Long term followers of Pop Mythology know that we are huge fans of Kathy Reichs and her fictional alter ego Temperance Brennan of the Bones novels. A forensic anthropologist, Brennan is one of the most fascinating and well-drawn characters in contemporary crime fiction, and the parallels between Reichs professional non-literary career and Brennan’s add to her depth and authenticity. But after twenty years, Reichs is ready to take on something new in Two Nights, namely a new protagonist.
Sunday Night (yes, that’s her name) is ex-miltary, ex-cop, and a bundle of childhood trauma seeking to find a positive outlet (and not always succeeding). The first question the reader may have, is, “Will I like her as much as Tempe Brennan?” After reading the first book, I cannot answer this question completely; I can only say that I want to get to know her better, and that certainly counts for a lot. Those who binge-read the Bones books may not realize or remember how long it took for us to really get to know Brennan. She was busy in the books and there was little time for socializing – long, artificially contrived segments of flashbacks and reminiscences are not Reichs’s style. So, it was over the course of many books that we gradually learned about her, her ex-husband and daughter, her relationship and its development with Andrew Ryan, her mother, etc.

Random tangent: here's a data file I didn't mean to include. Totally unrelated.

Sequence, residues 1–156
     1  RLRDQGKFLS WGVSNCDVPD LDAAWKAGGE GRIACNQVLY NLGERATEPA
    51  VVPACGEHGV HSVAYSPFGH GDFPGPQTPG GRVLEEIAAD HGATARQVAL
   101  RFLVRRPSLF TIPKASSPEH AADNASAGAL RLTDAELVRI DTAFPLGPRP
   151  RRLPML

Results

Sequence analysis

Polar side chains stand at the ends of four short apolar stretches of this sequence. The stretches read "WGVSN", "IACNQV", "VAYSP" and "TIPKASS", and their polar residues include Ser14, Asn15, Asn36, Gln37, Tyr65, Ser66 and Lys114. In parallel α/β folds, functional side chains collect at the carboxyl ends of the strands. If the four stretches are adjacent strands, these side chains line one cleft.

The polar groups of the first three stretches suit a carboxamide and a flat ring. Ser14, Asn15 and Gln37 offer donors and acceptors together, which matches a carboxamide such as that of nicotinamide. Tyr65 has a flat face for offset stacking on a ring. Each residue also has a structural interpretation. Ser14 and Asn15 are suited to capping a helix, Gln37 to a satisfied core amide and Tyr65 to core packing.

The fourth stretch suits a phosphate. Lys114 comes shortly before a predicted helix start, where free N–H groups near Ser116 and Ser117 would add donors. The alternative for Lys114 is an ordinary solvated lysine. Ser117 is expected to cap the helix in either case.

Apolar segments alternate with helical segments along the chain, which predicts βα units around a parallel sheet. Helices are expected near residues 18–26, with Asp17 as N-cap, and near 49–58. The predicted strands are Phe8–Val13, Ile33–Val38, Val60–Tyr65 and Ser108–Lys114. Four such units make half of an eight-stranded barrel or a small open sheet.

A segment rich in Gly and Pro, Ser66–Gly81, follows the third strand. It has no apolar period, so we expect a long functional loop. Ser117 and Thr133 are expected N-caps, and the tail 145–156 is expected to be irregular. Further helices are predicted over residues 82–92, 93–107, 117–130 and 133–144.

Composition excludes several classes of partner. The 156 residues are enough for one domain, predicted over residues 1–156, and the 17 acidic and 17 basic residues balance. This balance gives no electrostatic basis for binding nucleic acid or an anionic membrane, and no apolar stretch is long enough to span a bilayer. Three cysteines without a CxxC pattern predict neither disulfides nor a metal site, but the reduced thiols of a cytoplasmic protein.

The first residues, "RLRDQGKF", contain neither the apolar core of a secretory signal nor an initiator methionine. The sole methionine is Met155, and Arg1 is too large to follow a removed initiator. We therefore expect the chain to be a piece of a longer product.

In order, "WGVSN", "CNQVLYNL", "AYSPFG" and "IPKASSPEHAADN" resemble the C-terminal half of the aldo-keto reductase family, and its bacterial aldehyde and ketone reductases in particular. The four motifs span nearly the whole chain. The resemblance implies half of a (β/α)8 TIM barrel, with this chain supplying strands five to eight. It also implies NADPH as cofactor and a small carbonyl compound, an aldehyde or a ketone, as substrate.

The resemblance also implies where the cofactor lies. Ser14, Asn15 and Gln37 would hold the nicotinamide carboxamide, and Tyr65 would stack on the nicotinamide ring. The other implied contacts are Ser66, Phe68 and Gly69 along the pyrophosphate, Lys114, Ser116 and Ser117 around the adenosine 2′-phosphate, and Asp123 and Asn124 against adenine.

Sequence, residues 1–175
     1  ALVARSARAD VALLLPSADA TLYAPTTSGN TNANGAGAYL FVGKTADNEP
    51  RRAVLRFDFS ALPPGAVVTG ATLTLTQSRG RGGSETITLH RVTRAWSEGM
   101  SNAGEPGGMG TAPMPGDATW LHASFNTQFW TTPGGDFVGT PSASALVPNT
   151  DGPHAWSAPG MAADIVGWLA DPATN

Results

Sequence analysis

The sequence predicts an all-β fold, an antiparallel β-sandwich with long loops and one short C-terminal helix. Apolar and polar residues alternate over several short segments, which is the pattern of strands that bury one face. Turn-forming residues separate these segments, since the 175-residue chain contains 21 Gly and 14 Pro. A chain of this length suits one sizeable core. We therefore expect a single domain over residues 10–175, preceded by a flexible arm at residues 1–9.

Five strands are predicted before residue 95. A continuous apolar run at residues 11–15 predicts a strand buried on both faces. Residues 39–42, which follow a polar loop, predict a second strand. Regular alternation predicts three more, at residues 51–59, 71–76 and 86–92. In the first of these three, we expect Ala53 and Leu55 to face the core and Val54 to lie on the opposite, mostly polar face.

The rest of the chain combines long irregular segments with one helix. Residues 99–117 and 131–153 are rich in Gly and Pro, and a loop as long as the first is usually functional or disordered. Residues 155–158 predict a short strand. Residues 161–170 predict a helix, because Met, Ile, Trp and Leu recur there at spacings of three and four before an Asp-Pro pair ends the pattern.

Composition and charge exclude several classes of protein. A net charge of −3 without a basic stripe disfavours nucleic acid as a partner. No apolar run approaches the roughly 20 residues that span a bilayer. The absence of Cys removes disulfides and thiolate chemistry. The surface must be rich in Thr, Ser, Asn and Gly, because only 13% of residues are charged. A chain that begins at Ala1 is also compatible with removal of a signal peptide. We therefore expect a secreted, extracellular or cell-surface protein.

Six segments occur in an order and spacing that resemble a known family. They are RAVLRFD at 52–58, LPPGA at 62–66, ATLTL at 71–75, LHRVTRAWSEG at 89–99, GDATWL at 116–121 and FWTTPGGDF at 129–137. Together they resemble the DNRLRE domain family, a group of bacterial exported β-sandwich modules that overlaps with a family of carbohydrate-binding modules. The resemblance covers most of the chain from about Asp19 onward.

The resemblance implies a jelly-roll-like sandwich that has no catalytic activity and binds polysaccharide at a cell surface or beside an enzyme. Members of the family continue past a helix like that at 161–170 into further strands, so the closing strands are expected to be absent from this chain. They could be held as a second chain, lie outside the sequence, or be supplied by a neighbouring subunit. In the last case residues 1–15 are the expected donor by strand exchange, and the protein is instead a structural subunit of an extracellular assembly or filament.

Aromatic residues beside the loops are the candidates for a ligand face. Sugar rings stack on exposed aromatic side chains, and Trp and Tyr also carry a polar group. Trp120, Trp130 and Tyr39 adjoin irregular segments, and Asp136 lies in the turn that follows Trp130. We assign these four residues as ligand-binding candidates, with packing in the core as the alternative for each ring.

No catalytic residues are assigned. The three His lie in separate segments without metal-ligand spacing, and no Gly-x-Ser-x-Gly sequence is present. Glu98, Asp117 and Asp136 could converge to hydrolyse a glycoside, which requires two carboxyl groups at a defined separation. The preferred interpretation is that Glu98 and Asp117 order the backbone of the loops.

I suspect, after the first book, that we will slowly get to know Sunnie better in a similar fashion, and I enjoy this slower, more natural pace of getting to know a character. It can feel obtrusive and somewhat confusing to be abruptly dropped into a character’s innermost thoughts, even those of a first-person narrator, without proper context. Reichs’s narration always flows cohesively from the action and the result over time is a greater understanding and bond between the reader and her protagonist.
But, new cast of characters aside, the action and story are pure, enthralling Reichs. Domestic terrorism is the theme, and I really don’t want to tell you much more than that, as the ride is an electrifying one and I don’t want to spoil a minute of it. If you take this one on vacation with you, make sure you bring a second book as you will race through this one in no time at all. Oh, and Reichs’s marvelous wit is fully intact and engaged, with a slightly sharper edge as befits Sunday Nights’ personality.
If I missed one thing in this book, however, it would be the level of science in the Bones novels. For me, this always set Reichs’s crime series apart from all the others and kept me coming back long after I had stopped reading many of her contemporaries. For now, though, I am content to get to know this new character and who knows what tricks she or her twin brother (yes, there are indeed TWO Nights, as per the book’s title) have up their sleeves!